# [erlang-questions] Construct and match binaries

Jachym Holecek <>
Tue Nov 6 23:25:28 CET 2012

```I'm not a language-lawyer, but will give it a try.

> I'm trying to wrap my head around a problem I have with constructing
> and matching a binary.
>
> Take the following example (will fail with "a binary field without
> size is only allowed at the end of a binary pattern"):
>
> 2> A = <<\$a>>,  B = <<\$b>>,
> 2> <<A/binary, \$:, B/binary>> = <<"a:b">>.
> * 2: a binary field without size is only allowed at the end of a binary pattern

You're performing pattern matching here, no term construction takes place. The
LHS thing is a prescription of expected shape of the RHS thing. First step that
would have to take place to evaluate it would be to fetch X/binary prefix (I'm
using X instead of A, because comparing against the value already in A would be
the next step to evaluate -- we're not there yet!), but we don't know how long
it is supposed to be, so the evaluator/compiler gets confused -- surely you
didn't mean to consume all RHS binary into X, obviously leaving \$: and B/binary
with nothing to match against. This seems about the only interpretation that
offers itself for X/binary anywhere but at tail position, an it is clearly
absurd...

> Using size specification yields the expected result:
> 3> <<A:1/binary, \$:, B:1/binary>> = <<"a:b">>.
> <<"a:b">>

That's better, we first fetch X:1/binary and than compare against what has
previously been bound to A. It matches, good, let's proceed with the rest,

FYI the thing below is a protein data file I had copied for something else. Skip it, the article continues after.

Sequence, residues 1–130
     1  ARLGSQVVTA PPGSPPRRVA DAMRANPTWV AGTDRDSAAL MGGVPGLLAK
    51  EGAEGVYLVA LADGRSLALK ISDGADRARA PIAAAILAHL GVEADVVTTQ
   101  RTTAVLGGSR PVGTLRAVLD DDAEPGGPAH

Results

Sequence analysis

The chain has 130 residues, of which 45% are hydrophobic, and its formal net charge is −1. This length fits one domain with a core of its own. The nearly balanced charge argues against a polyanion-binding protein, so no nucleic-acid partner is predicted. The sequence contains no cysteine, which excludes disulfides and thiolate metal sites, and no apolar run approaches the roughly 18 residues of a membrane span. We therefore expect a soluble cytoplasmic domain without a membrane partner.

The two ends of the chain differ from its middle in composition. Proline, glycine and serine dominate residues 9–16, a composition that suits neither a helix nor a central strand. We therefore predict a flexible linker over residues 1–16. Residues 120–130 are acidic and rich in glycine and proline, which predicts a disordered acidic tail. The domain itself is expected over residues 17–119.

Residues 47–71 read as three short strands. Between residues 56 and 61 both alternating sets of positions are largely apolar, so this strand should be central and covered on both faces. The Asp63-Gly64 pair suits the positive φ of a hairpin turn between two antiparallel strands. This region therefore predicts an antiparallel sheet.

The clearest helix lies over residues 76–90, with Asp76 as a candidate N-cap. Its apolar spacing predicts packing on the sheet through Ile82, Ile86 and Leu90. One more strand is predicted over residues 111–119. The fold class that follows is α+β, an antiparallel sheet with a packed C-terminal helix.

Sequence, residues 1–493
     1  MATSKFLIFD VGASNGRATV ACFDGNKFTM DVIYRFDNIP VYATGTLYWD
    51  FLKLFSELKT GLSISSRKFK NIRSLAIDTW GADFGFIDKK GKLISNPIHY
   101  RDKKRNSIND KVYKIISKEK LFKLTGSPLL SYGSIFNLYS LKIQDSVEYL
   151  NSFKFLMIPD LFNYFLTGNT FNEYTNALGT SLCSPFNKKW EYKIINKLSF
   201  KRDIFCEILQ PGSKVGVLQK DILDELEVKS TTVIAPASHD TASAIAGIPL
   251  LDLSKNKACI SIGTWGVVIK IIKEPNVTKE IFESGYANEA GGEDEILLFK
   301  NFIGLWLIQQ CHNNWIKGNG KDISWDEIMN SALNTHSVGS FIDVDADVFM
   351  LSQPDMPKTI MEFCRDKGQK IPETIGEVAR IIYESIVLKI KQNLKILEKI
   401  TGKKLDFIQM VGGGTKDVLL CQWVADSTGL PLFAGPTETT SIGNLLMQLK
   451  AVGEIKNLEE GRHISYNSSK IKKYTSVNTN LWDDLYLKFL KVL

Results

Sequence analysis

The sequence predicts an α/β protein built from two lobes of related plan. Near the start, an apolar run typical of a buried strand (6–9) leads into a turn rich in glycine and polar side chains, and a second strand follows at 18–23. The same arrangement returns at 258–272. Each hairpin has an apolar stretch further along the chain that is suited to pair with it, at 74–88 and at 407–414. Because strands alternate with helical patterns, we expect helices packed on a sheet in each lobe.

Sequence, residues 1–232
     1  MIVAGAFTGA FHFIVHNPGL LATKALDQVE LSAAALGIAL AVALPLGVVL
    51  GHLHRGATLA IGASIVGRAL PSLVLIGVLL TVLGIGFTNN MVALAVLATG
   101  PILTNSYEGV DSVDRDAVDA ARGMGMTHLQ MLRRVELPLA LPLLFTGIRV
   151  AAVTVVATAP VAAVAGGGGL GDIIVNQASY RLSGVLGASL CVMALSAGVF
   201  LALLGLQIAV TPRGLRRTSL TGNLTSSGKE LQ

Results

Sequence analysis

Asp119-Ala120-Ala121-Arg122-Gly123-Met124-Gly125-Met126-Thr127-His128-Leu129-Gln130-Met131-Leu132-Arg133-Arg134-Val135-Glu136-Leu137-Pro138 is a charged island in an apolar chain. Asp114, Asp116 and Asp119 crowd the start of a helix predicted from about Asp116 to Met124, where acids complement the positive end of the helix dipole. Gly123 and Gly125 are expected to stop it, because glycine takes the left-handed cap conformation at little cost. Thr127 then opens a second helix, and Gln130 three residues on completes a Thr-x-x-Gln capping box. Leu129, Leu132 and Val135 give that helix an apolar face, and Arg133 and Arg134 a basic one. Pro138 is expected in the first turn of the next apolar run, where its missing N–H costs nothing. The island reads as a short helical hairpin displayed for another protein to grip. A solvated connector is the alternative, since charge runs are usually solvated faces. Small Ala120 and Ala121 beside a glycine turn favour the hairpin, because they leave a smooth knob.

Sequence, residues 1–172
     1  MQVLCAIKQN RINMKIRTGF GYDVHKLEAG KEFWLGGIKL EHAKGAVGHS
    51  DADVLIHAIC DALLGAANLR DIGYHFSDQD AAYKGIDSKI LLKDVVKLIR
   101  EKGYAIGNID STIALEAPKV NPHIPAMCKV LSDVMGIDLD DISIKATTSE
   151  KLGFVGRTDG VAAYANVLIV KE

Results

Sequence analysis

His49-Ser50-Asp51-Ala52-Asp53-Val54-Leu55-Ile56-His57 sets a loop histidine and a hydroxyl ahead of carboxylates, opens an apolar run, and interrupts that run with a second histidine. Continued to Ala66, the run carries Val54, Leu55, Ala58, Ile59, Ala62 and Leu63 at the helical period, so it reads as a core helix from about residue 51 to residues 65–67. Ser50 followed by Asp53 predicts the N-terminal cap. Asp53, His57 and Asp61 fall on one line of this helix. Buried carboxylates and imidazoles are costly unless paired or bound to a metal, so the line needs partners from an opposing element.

following the same steps. Oh good, all matches, success!

> Even equality checks works:
> 4> <<A/binary, \$:, B/binary>> == <<"a:b">>.
> true

Here you build up a new term on LHS, the sizes of A/binary and B/binary things
are implied -- they're binary or bitstrings values, these know their own size,
so no need to force programmer to overspecify things, he/she wouldn't even know
the size statically in many cases. Then you build up the RHS value (this is
constant, so no need to do anything at runtime if it were compiled code, but
that is a detail) and call builtin compare_for_equality(Lhs, Rhs), the name
is made up and since "==" is just syntactic sugar for function vall, I'm not
even sure the order of evaluation is even defined here, my choice of LTR is
just an example.

> I would assume that the size of the binary is known when performing
> construction and therefore the first example should work (considering
> <<X/binary,...>> equality checks works).
>
> Can anyone shed some light on what's happening here?

The second one is a construction, the first one is actually the opposite of
that... "deconstruction" maybe, "destruction" sounds a bit sinister and to
my understanting indeed means that too :-), but I'm not a native English
speaker.

HTH,
-- Jachym

```